Kari Lake Files Brief with AZ Supreme Court in Suit Challenging Use of Drop Boxes, Early Voting


GOP Arizona gubernatorial candidate Kari Lake submitted an amicus brief on Wednesday in a case filed by the state’s Republican Party seeking to end no-excuse mail-in voting and the use of ballot drop boxes.

“Voters have made it very clear that they are demanding nothing less than completely secure elections and we’re going to give it to them come hell or high water,” Lake said in a statement.

A news release from her campaign added, “A forensic investigation earlier this year, along with a canvass of absentee voters which uncovered tens of thousands of irregularities with ballots cast in the 2020 general election, has compelled Lake to file her brief this morning.

“Voters have also been reaching out by the thousands to the campaign asking for help in securing elections in 2022 and beyond, which is why Lake is fighting against the unconstitutional voting practices that have plagued Arizona for years,” the Lake campaign said.

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In the amicus brief, Lake’s lawyer Timothy La Sota argues, “Arizona’s founders made it clear in the Arizona Constitution that voting is to be done by secret ballot. Arizona’s current, wide open mail-in voting system is an abject failure at preserving this secrecy, and is inconsistent with this constitutional requirement.

“If there is a way for the Legislature to preserve ballot secrecy, and the right of voters to vote without the fear of threats or intimidation with universal mail-in voting, it has not been thought of yet.”

Approximately 89 percent of Arizonans voted by mail in 2020, up from about 80 percent in 2018.

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Lake’s brief says the use of mail-in ballots and drop boxes creates greater opportunities for voter fraud. “But if voting occurs as it should, at the polls on Election Day, such opportunities for mischief are largely eliminated,” it says.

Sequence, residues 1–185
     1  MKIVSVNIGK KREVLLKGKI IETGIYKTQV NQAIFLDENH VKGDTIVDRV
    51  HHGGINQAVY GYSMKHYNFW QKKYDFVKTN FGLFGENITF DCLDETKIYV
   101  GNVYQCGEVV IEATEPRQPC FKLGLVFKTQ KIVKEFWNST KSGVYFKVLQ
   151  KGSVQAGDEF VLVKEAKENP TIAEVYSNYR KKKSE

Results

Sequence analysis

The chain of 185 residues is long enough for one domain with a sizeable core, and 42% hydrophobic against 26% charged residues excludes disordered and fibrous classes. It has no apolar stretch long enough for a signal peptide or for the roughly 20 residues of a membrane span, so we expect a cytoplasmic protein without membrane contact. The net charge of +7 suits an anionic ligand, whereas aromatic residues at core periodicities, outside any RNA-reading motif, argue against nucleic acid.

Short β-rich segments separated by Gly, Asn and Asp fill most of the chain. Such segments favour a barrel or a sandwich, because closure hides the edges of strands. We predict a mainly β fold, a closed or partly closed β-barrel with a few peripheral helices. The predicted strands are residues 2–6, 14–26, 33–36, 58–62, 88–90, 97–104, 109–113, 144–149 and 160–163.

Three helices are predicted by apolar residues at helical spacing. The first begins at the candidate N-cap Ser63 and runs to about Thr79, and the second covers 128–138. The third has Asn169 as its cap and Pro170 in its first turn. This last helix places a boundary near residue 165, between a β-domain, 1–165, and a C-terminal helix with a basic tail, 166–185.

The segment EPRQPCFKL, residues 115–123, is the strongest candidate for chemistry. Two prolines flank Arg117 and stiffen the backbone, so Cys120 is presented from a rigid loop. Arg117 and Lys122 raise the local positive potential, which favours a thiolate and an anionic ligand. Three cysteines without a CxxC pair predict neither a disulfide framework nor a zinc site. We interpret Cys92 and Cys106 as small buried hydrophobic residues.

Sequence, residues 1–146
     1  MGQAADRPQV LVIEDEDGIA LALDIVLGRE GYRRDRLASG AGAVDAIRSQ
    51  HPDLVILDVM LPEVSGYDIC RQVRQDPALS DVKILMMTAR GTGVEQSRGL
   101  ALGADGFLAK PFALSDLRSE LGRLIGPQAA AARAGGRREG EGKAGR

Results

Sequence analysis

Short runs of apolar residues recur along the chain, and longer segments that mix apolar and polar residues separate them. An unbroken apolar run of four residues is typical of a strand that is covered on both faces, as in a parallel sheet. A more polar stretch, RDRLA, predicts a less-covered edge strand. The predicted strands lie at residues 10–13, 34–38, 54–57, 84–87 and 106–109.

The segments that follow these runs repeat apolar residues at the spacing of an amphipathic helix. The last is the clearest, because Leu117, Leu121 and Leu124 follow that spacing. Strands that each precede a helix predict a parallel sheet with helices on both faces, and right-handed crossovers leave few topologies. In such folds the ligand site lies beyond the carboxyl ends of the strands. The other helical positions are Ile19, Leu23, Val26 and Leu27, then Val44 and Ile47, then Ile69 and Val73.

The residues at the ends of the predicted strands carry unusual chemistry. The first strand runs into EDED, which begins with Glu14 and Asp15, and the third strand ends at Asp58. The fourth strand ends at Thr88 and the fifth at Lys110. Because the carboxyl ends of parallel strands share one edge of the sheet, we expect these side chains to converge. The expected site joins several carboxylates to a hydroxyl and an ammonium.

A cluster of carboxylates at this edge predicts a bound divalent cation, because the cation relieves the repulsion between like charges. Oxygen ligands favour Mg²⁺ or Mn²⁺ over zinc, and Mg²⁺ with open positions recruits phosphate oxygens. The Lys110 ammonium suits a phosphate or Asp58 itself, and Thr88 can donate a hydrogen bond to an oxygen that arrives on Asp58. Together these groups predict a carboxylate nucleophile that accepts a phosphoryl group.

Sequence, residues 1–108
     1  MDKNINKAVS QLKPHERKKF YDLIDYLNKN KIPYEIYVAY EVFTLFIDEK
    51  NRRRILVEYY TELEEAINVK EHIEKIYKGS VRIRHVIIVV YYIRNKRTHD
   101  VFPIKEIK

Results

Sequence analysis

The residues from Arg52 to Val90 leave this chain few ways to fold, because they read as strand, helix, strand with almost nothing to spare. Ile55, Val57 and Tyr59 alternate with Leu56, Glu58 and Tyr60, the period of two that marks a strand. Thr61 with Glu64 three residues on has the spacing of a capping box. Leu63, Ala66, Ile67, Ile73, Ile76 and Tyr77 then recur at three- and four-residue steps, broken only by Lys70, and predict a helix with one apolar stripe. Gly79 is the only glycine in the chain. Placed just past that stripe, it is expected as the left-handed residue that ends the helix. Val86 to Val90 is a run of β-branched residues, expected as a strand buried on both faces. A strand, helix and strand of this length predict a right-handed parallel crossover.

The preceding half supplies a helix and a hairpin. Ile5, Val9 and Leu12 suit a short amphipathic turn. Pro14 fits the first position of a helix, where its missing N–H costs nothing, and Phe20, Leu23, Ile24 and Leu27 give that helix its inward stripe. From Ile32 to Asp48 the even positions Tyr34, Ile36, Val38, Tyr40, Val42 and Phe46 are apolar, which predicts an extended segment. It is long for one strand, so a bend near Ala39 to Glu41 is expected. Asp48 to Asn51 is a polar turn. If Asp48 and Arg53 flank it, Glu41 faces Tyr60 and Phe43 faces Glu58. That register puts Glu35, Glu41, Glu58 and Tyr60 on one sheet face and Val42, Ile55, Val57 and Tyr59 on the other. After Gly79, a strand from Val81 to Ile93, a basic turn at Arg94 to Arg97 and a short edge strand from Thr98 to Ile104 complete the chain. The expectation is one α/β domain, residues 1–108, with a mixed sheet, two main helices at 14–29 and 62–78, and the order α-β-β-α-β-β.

In the motion to file the brief, La Sota wrote that Lake as a candidate for governor has noticed a “high level of interest that the people of the State have in an election system that produces an actual winner on Election Night, not days or weeks later.”

It took until nine days after the November 2020 election for most news outlets to declare Democrat Joe Biden the winner of Arizona.

Delays produce “distrust in the integrity of election,” La Sota contended.

At a rally held by former President Donald Trump outside Phoenix in January, Lake called the 2020 race “rotten to the core,” adding, “You don’t steal our vote” and expect people to accept it.

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In a television ad released last month, Lake accused the “fake news” of not covering “the biggest story out there: the rigged election of 2020.”

The ad included footage from conservative filmmaker Dinesh D’Souza’s upcoming documentary film “2,000 Mules,” which alleges a “coordinated ring of illegal vote harvesting in all the key states where the election was decided.”

The accusations center on the use of unmanned ballot drop boxes. The trailer highlights Arizona, Wisconsin, Michigan, Pennsylvania and Georgia as states where this illegal conduct allegedly occurred.

It should be noted that, despite numerous claims of voting irregularities, including affidavits sworn to by reported eyewitnesses, no court has yet ruled that widespread fraud materially affected the results of the 2020 presidential election.

Lake’s legal brief concludes, “If the voters of this state want to amend the Arizona Constitution, they may do so upon proper exercise of the right to initiative or legislative referral. But they must be the ones who do it.

“Simply because some find mail-in voting more convenient is no reason to dispense with the Constitution,” it continues. “And Arizona voters would be amending the Constitution with full knowledge of the problems created by no-excuse mail-in voting, as was on very vivid display in the 2020 election.”

In January, a Pennsylvania court ruled that the state’s no-excuse mail-in voting law is unconstitutional. Democratic Gov. Tom Wolf’s administration has appealed the ruling to the state’s Supreme Court.

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